By 8am we were approaching the entrance to Deception Island, but the entrance Neptunes Bellows, was shrouded in fog. As we motored closer the fog and haze cleared a bit and we had a safe transit into the caldera. The bridge officers kept the FRAM’s starboard (right) side near the northern cliff face and we avoided the middle of the channel, where Raven Rock waits for careless Captains. We anchored off the abandoned Norwegian whaling station near the small dry-dock that was used to lift out of the water the smaller support boats for the whaling operations.
Going ashore from the FRAM we had our first taste of today’s Deception weather. Wet and windy were the words for this landing as we had constant horizontal rain throughout our time ashore. In past years we have had cloudy and foggy weather at Port Foster but rain we had today is memorable as it was the most rainfall several of the staff had ever seen to fall and soak Earths driest-desert continent. The rain and wind did not stop six passengers from going for very short swims.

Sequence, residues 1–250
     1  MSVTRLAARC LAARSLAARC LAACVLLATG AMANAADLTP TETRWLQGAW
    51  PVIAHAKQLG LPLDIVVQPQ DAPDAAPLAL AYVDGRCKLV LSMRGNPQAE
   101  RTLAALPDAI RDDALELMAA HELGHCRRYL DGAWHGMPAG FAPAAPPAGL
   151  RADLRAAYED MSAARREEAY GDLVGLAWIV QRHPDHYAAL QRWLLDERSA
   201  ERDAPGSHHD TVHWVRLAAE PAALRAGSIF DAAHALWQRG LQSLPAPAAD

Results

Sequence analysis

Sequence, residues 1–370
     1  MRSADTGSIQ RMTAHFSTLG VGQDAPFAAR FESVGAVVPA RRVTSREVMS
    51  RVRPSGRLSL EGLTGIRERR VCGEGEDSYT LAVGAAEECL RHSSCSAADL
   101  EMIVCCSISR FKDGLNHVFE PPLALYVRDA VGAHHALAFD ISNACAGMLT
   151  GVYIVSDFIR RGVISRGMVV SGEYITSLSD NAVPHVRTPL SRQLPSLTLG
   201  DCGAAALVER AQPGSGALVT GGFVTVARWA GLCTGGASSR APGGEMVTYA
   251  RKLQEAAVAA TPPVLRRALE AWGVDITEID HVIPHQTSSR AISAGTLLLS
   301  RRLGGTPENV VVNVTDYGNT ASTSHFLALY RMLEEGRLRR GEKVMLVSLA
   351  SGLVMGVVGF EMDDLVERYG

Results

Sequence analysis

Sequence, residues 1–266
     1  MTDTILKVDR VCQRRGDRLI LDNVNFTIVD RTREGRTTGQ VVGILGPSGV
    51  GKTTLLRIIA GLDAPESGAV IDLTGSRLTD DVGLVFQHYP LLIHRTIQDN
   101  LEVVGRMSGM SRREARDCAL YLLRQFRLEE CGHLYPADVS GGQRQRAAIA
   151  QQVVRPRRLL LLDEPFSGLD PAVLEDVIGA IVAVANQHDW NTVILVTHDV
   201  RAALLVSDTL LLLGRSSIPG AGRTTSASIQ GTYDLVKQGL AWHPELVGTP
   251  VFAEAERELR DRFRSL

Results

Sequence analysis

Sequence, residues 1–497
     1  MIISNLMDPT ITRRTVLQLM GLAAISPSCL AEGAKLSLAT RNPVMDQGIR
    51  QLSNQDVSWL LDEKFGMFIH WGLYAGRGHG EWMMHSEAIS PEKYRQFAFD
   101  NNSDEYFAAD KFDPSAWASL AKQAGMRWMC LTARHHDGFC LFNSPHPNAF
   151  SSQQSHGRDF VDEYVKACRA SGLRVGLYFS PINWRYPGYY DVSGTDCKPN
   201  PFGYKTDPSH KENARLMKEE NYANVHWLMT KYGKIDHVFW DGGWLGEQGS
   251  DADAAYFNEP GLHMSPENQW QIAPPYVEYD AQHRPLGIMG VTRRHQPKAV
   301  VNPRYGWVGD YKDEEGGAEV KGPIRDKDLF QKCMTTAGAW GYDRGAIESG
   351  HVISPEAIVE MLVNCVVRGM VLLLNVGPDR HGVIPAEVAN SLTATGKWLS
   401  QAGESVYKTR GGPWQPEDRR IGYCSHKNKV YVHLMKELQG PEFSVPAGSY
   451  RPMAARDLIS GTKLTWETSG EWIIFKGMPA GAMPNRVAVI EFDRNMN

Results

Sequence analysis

During lunch the FRAM headed eastward to Telefon Bay. The wind did not drop but the rain stopped and the skies cleared a bit. The Telefon Bay site is a relatively recent volcanic cinder ash cone surrounded by loose deposits of volcanic material ranging in size from boulders down to sand sized fragments. The only animals on the beach were a couple of fur seals. This was a rare penguin free landing.
We cleared Neptunes Bellows with no problems and headed south for tomorrows landings.